Today Old Moor welcomed the South Yorkshire branch of the British Naturalists’ Association, a group of experienced watchers who, by all accounts, chose an excellent day for their visit. Emboldened by a bit of sunshine, many of the bird species being seen at the moment, showed beautifully. As ever, there were also a few surprises.

Here’s the summary of sightings from today…

A respectable winter total of fifty bird species were seen today though in truth there was little change from Thursday.

Two or more bearded tit were seen in brilliant sunshine on the Reedbed Trail. Also there, a kingfisher showed well on the small pond near the Bittern Bus Stop. The only other changes for this part of the reserve were in the number of little grebe calling, and the persistent singing of a song thrush throughout the day.

Male bearded tit from Gerry McShane, as seen last Thursday at Old Moor. Thanks Gerry.

On the Mere there was excitement this afternoon in the form of a first winter, Caspian gull. Picked up later in the afternoon, this is a species that seems to be seen fairly regularly at either Old Moor or Bolton Ings at the moment.

Kingfisher seen today at Old Moor on the Wildlife Ponds

Sometimes I conclude this blog with a photo or maybe a tip for your next visit, but tonight I’ll finish with a story...

Heading towards the Visitor Centre this afternoon, I spotted an experienced birder intently focused on a branch just above his head height. Less than a metre away was a robin. As I approached, the bird fluttered to the other side of the path, now watching the two of us closely.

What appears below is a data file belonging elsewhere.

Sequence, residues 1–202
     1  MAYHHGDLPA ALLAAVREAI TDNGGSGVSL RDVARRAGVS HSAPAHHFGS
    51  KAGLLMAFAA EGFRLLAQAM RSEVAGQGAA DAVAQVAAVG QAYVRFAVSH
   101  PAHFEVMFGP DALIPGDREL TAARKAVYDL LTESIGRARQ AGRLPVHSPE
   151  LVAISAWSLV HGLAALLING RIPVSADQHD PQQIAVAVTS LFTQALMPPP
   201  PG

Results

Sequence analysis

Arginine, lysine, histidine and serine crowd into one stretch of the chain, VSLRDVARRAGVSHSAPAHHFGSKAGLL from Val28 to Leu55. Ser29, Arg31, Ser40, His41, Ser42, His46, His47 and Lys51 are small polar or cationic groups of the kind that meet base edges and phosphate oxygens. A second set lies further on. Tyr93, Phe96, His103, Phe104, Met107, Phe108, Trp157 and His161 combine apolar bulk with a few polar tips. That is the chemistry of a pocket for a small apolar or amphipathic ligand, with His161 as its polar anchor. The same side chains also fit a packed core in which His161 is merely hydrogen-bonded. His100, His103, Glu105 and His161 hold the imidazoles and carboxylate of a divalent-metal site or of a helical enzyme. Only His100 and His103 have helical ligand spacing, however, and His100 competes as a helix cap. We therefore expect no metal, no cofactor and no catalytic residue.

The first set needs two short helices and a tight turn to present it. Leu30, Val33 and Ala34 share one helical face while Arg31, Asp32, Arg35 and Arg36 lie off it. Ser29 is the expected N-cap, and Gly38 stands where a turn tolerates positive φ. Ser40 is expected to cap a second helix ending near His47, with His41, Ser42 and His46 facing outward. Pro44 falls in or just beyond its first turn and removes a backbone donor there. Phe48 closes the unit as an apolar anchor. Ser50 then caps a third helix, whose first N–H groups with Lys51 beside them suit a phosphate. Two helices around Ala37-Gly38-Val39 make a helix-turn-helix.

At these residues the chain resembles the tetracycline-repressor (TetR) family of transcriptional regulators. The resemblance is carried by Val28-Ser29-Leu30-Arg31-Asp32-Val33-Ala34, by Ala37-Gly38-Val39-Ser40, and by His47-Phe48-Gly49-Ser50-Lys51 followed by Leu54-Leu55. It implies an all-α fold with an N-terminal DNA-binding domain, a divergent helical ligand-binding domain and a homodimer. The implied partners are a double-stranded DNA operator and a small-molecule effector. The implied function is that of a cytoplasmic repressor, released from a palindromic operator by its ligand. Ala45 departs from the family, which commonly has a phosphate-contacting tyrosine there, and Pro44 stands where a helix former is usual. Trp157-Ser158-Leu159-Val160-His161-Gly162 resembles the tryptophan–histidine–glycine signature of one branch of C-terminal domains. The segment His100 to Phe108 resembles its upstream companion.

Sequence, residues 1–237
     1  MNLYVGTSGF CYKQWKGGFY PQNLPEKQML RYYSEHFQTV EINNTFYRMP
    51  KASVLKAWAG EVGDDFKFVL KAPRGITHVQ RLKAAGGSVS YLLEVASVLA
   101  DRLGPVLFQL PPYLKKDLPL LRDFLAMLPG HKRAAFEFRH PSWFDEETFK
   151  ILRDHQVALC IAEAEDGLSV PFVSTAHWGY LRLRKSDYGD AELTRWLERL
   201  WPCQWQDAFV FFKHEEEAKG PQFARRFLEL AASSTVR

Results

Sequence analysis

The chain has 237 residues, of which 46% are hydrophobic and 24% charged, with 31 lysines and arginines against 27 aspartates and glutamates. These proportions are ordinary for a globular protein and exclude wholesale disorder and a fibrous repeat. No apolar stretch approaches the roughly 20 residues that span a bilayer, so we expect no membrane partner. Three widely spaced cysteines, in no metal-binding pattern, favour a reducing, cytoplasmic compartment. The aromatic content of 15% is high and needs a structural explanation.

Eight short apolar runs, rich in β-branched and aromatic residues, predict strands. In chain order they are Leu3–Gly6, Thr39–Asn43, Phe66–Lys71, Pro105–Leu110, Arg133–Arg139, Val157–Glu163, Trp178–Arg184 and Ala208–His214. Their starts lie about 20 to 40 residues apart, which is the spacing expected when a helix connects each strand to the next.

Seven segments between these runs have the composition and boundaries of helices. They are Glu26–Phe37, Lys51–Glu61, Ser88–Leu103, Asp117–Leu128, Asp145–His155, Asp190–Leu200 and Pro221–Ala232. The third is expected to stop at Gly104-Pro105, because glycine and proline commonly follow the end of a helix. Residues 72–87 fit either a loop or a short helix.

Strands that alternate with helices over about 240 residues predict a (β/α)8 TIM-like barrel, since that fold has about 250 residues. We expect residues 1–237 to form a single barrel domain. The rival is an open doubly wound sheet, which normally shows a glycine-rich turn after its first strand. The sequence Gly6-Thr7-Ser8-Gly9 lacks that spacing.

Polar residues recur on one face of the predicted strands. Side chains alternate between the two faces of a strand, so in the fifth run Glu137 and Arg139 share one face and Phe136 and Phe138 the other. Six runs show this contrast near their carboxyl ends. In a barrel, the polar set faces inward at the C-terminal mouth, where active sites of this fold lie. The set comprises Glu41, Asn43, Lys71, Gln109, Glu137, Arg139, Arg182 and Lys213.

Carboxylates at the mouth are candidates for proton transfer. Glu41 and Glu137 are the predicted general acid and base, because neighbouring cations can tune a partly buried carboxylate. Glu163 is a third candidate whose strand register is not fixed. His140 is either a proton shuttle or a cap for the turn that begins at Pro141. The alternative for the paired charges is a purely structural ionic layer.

The birder explained, “It was singing very quietly to itself”.

I mentioned that the robins at Old Moor are used to hand-outs from passing visitors and asked the birder if he had anything in his pack that the robin might be interested in.

Just at that moment a mother with two young children were passing; Tilly aged around seven and her younger brother. They stopped, intrigued by the scene.

As the birder reached into his pack for a biscuit, I quietly suggested to him that the little girl might like to help. With mum’s agreement, the birder placed some crumbs from his biscuit in the girl’s palm.

Right on cue and without hesitation, the robin flew to the girl’s outstretched hand. It was over so quickly she barely had time to react.

A few seconds later the robin returned. This time Tilly’s fingers splayed as she felt the robin’s feet tickle them.

The third time the bird landed on her palm, Tilly turned to her mother and beamed.

Tilly thanked the birder as did her mother saying, “That was magical.”

We went on our ways but not before the birder muttered, “Thanks for the tip”.

The whole thing was over in a few minutes though I strongly suspect the effects may well last much longer.

Until next time.